Israeli election results of the past 30 years illustrate the dramatic decline of Israel’s formerly ruling left. In the 1992 elections, under the leadership of the late Yitzhak Rabin, the Labor Party won 44 seats (out of 120) in the Knesset, and his Meretz partner (led by its late leader, the sharp and acerbic Yossi Sarid) won 12; together, they were just short of an absolute majority. Thirty years later, they have between them in the recently elected Knesset just four seats. Labor barely passed the 3.25% threshold and Meretz did not. The Zionist left in Israel politics has been literally decimated, reduced to less than one-tenth of its former strength.
What happened? Many Israelis, if pressed for an answer, would offer a four-letter place name synonymous with a failed bid for reconciliation with the Palestinians: Oslo. There, authorized by Rabin (whose coalition, at the time, included the ultra-Orthodox Shas party), Israelis met with representatives of the Palestine Liberation Organization and outlined what came to be the Declaration of Principles, which was signed in Washington in September 1993. This in turn was followed by two detailed agreements, which created the Palestinian Authority and its jurisdiction.
By 1995, even before Rabin was assassinated by a right-wing Jewish extremist, mainstream opinion in Israel had begun to sour as Palestinian terror attacks persisted. In 1996, Likud came back to power under Netanyahu, but hopes for peace with the Palestinians were still strong enough in 1999 to bring back to power—for the last time—a Labor Party leader. Ehud Barak, a former chief of staff, was expected by the voters to balance the quest for peace with Israel’s security needs.
It all came to naught. In September 2000, the Camp David Summit between Barak and Arafat failed. Soon a wave of violence and terror—guided from above, yet mistakenly referred to as the “Second Intifada” or popular uprising—engulfed Israel and the Palestinians. The rise of Israel’s hard right can be traced back to this tragic junction.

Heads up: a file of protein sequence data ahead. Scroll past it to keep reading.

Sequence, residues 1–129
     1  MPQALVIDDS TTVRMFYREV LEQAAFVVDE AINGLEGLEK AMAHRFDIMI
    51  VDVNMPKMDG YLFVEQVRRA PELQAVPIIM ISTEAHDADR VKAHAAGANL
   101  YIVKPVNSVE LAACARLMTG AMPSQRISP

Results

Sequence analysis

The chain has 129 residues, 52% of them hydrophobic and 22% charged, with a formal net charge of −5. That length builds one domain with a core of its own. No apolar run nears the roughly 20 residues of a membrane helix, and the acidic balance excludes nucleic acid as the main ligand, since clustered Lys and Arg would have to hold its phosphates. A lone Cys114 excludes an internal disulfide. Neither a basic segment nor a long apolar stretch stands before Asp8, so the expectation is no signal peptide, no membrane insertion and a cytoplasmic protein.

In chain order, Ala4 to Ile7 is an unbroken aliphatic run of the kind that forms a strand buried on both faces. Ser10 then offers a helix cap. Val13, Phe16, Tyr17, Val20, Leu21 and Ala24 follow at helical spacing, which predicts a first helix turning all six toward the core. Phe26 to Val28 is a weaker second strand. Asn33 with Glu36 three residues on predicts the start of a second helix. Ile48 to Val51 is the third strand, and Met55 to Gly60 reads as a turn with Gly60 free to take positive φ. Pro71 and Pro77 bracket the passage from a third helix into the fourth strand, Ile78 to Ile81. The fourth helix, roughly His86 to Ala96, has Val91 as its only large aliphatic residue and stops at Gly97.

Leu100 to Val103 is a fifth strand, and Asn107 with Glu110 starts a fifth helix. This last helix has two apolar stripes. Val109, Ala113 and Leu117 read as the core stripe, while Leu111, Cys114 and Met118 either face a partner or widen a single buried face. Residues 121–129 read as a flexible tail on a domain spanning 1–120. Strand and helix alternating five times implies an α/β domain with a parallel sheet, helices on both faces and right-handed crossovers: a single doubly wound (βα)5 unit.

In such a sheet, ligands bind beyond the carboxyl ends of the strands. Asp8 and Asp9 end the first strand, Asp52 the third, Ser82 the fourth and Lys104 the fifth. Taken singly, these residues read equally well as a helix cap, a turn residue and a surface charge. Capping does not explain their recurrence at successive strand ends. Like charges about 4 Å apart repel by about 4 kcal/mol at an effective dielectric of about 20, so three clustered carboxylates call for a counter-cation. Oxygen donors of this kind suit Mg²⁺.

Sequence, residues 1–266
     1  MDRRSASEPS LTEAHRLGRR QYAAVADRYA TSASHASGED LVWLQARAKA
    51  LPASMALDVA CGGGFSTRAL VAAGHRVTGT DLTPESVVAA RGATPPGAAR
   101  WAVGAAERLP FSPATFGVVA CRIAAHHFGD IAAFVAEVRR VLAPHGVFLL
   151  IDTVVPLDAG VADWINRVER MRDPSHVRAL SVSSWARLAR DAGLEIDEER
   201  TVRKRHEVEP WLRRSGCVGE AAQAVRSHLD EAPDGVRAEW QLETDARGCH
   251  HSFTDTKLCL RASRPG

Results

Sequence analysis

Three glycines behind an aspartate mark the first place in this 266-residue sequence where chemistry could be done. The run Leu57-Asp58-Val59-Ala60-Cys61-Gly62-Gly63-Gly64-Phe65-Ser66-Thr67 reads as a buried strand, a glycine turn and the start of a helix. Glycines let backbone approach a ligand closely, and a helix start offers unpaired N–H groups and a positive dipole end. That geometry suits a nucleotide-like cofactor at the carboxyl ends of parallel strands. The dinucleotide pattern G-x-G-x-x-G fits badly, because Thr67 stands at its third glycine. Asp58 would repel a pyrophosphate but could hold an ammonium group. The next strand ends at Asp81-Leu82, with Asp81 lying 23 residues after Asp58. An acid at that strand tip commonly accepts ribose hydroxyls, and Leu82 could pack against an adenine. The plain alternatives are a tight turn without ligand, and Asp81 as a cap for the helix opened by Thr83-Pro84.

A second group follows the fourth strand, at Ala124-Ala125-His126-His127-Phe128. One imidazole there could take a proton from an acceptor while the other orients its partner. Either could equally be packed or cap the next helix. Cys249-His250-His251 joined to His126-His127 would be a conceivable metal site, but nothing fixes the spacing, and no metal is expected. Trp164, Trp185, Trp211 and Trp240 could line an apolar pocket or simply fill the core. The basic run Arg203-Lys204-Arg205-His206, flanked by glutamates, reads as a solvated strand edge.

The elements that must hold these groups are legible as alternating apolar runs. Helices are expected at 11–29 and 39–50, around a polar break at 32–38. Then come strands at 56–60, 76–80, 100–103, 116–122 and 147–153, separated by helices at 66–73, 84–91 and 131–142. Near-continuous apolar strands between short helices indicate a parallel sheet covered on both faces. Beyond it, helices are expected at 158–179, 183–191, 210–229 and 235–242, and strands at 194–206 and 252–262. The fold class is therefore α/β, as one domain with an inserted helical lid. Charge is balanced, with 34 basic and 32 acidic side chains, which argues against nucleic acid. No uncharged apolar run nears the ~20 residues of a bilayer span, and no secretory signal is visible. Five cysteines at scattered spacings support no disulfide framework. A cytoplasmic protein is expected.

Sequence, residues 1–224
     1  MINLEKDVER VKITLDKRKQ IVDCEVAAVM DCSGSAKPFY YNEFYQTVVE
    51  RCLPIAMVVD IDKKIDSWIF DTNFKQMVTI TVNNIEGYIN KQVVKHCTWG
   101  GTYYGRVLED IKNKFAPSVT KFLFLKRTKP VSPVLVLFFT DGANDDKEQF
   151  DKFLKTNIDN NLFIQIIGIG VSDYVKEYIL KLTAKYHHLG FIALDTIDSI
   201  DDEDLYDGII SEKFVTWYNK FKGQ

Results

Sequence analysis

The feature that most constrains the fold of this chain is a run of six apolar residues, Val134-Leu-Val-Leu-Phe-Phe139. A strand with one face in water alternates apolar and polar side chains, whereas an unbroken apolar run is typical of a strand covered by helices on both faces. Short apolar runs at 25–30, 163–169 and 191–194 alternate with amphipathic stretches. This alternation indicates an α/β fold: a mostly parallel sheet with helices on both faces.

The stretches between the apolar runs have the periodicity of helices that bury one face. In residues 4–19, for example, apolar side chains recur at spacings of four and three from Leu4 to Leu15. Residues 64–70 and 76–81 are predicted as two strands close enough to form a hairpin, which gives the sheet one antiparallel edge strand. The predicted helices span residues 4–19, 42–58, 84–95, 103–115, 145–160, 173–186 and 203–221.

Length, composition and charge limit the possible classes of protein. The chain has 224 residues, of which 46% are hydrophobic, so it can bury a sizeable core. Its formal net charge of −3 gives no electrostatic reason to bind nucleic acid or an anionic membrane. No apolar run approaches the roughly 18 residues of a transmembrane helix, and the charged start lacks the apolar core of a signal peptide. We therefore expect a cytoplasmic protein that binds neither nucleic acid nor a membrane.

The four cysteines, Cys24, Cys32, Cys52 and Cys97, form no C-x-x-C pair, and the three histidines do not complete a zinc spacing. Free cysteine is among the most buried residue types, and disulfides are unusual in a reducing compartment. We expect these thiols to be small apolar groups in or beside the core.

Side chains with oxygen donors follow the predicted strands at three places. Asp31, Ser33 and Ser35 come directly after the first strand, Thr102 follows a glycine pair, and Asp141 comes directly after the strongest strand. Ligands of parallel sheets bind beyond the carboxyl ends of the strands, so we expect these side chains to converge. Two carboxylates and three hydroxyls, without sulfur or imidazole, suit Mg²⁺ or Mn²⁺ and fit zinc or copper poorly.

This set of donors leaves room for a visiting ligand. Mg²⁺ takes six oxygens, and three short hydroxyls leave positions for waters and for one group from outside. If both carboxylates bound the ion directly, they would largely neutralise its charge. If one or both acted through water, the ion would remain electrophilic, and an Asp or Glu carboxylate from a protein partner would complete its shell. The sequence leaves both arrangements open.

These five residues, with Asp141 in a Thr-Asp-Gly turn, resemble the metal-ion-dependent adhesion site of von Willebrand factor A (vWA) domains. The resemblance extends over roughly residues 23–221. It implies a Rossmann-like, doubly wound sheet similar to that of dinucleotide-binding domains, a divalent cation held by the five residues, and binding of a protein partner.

A sharp decline in the fortunes of the traditional left and center-left parties became all but inevitable. Peace had become their byword, and peace had become nearly synonymous with an increase in terrorist attacks in Israel.
There was little else the left could latch on to. Old-style socialism was a thing of the past. Economically disadvantaged groups in Israeli society, especially the refugees from Arab countries who came in the 1950s, felt disenfranchised in the first thirty years of Israel’s establishment and saw Likud as their political home, as do their descendants today. Resentment of the elite refused to die, and both Labor and Meretz found it difficult to rid themselves of an association with the sybaritic Tel Aviv cosmopolitan “haves” as opposed to the “have nots” of Israel’s social and geographic periphery.
A wide space opened in the political center, filled not by Labor but by new parties, some of which arose and disappeared within a couple of election cycles. First came Ariel Sharon’s “Kadima” (Forward), which at its height was as powerful as Ben- Gurion’s Labor in its day. Later led by Prime Minister Ehud Olmert and Foreign Minister Tzipi Livni, Kadima has now entirely vanished. The one last time in which a Labor leader still managed to win a sizable chunk of the vote—nearly 20%—was in 2015 when the current president of Israel, Yitzhak Herzog, teamed up with Livni and the remnants of Kadima. But this alliance, too, did not last.
Yair Lapid’s Yesh Atid (There is a Future), centrist on the Palestinian issue, seems to have more staying power. He is now ending a brief stint as prime minister, having cobbled together an unwieldy coalition of several left, centrist, and right-wing (but “anti-Bibi”) parties, as well as one Arab party. As Lapid consolidated his position as the favored son of Israel’s elite, he, in effect, pushed the traditional left-wing Zionist parties further toward oblivion. So did the growing anger of many Israelis over the resumption of Palestinian terror activities and what came to be seen as the wrong order of priorities on the left.
Can the Zionist left regain its past position as the dominant force in Israeli life? Probably not, owing to demographic changes. It did not help their cause that Netanyahu did manage to make headway toward new relations with several Arab countries, even without securing Palestinian consent—which the left had repeatedly argued would be impossible. At the same time, voting results from the last four elections show center-left and left parties, including Israeli Arab parties, consistently garnering slightly under half the vote.
Parties on the left could find new pathways to a majority, particularly with the support of those who resent the rise of the radical right and seek to uphold the image of Israel as an open, tolerant society. These parties of the left will not merge but may run on a joint platform. They may yet dig themselves out of the rubble of the present collapse and build a center-left coalition—if tensions within the emerging governing coalition do bring it down, as some of its own proponents fear could happen within months.